In response to this critique, Scalia and others drew a distinction between original intent (the subjective understanding of a provision in the minds of the legislators who enacted it) and original meaning—that is, what the text would reasonably have been understood to mean at the time of its enactment. “I don’t care,” Scalia said in a 1996 speech at the Catholic University of America, “if the framers of the Constitution had some secret meaning in mind when they adopted its words. I take the words as they were promulgated to the people of the United States, and what is the fairly understood meaning of those words.” Donald Trump’s three appointees to the Supreme Court, as well as nearly all self-proclaimed originalists, declare allegiance to originalism in its “original meaning” incarnation.

But “original meaning” turns out to require analytical nuance to ground a solid originalist case for Brown. Not only did the legislators who enacted the Fourteenth Amendment not expect that it would mandate desegregated public schools, but neither did society at large—Scalia’s “normal speakers of English.” There is no particular reason to believe that mid-19th-century elected representatives’ views of what equality required were distinct from the public’s. So the disavowal of the framers’ subjective expectations can’t itself anchor an originalist defense of Brown. For that, as the UCLA professor Mark Greenberg and I have argued, you need a distinction between the semantic meaning of provisions—roughly their dictionary definition—and the ways that a speaker or a society applies them. Otherwise put, between original meaning and original applications. The Fourteenth Amendment requires equal protection of the laws. For legislators—and citizens and judges—in 1865, that principle didn’t mandate integrated schools; for Americans in 1965, it did.

What had changed? Not the meaning of equality: Consult mid-19th-century dictionaries and you will find the explanations consistent with those of 1965. (This is nearly always the case. There are exceptional instances in which the dictionary definition of a term evolves over a short period of time like a century, such as with counterfeit or nice, but they are rare.) What had changed, rather, was the social understanding of what equality required. And how had that happened? In his opinion for the Court in Obergefell v. Hodges, establishing the constitutional equal footing of same-sex marriages, Justice Anthony Kennedy set out an explanation that could just as easily apply to the originalists’ understanding of how the Fourteenth Amendment came to support Brown:

The nature of injustice is that we may not always see it in our own times. The generations that wrote and ratified the Bill of Rights and the Fourteenth Amendment did not presume to know the extent of freedom in all of its dimensions, and so they entrusted to future generations a charter protecting the right of all persons to enjoy liberty as we learn its meaning.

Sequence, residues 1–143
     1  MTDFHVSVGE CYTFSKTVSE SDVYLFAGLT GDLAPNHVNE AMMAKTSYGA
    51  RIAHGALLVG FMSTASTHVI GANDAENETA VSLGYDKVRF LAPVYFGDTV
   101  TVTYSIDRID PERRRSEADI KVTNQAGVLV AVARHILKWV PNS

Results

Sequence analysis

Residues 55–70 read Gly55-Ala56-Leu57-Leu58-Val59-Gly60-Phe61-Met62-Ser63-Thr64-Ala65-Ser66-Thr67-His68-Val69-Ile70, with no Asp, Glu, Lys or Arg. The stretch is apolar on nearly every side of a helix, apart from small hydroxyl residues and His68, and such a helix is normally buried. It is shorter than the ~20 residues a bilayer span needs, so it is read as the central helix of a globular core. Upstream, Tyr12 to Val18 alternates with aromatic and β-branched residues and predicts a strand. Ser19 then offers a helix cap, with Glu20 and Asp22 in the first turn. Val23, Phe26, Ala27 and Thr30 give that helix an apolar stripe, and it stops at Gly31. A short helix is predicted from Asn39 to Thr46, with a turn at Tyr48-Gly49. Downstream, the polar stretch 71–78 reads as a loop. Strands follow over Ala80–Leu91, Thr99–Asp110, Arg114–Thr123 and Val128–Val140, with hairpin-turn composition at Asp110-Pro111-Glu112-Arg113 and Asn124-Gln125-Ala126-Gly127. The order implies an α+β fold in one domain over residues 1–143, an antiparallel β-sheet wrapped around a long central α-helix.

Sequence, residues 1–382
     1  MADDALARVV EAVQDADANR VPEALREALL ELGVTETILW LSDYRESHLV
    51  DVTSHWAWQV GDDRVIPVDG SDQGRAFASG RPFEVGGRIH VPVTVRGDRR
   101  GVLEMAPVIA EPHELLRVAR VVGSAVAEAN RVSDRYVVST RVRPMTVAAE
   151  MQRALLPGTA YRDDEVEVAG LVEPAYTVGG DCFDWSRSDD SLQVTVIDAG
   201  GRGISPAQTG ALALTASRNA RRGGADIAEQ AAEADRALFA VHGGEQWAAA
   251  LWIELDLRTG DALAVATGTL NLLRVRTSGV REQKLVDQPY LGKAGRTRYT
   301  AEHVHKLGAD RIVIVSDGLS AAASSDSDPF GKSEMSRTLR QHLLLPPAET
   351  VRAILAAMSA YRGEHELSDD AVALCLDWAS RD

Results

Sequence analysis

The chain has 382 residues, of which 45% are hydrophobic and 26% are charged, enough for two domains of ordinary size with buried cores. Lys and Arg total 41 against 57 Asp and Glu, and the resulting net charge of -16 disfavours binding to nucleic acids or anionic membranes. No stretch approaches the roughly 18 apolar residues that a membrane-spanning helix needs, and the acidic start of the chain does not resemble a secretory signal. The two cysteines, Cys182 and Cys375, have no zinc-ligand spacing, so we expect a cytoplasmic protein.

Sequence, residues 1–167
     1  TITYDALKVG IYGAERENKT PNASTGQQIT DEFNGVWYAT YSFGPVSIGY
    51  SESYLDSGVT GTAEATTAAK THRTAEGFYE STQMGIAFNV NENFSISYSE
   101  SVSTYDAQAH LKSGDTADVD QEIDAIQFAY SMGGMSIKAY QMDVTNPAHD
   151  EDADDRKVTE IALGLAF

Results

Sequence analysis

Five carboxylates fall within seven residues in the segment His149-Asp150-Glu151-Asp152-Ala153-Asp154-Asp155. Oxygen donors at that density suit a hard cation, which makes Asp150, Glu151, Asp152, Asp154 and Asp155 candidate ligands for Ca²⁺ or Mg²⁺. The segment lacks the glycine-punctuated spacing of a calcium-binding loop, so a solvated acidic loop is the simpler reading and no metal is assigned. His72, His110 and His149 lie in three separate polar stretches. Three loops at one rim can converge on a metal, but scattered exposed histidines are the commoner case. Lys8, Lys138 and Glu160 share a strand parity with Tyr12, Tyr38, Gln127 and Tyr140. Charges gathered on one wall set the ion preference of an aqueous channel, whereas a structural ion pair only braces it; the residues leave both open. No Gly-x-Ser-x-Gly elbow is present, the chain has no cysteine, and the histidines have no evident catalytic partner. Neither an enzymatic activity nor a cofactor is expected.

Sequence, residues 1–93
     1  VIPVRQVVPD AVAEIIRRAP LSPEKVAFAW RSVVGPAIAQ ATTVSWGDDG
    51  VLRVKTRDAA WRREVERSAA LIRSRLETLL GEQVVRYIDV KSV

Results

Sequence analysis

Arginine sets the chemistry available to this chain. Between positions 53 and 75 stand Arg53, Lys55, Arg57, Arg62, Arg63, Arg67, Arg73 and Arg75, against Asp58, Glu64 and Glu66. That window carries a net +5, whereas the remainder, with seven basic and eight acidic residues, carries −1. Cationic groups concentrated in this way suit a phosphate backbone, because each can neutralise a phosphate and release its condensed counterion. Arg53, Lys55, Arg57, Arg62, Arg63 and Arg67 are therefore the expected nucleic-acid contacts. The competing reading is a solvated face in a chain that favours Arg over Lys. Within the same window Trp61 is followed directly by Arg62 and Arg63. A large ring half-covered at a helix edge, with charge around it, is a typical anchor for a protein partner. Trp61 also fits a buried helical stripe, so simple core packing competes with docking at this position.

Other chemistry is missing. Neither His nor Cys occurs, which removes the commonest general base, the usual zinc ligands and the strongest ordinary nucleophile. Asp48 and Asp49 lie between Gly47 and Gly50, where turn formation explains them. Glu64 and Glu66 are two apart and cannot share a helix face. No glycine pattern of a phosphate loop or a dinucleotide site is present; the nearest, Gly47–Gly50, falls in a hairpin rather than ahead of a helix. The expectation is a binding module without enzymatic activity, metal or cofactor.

Mid-19th-century legislators (and citizens) weren’t incompetent users of language. Rather they were limited, benighted, in their moral understanding. They failed to appreciate the full import of the words they had put into the Constitution. It’s an easy mistake to make; the witch hunters of Salem or the patriotic zealots who put Japanese Americans in detention camps made it as well, though they surely thought themselves evolved and fair. Undoubtedly, it’s a mistake that we continue to make in some fashion today.

The basic originalist idea is hard to quibble with. What possible theory of judicial review would permit judges to alter the meaning of words that were written down and agreed to years before? And once they were untethered from the original meaning, on what basis could unelected judges justifiably settle on a “new” meaning?

But properly understood, originalism does not suspend the Constitution in amber. And the recently appointed justices’ opinions, writings, and testimony make that clear, setting a collision course for a showdown on the right approach to originalism.

Justice Neil Gorsuch stated his case in his book A Republic, If You Can Keep It. In it, he sought to dispose of the criticism that “originalism leads to bad results because the results inevitably happen to be politically conservative results. Rubbish. Originalism is a theory focused on process, not on substance.”

Gorsuch went on to illustrate originalism by analyzing the examples of new developments and technologies that the Founders never could have imagined, such as the ability to search someone by thermal imaging or torture someone using a laser. In the case of the laser, Gorsuch explains, “as originally understood, the term ‘cruel’ in the Eighth Amendment’s Cruel and Unusual Punishments Clause referred (at least) to methods of execution deliberately designed to inflict pain. That never changes. But that meaning doesn’t just encompass those particular forms of torture known at the founding. It also applies to deliberate efforts to inflict a slow and painful death by laser.”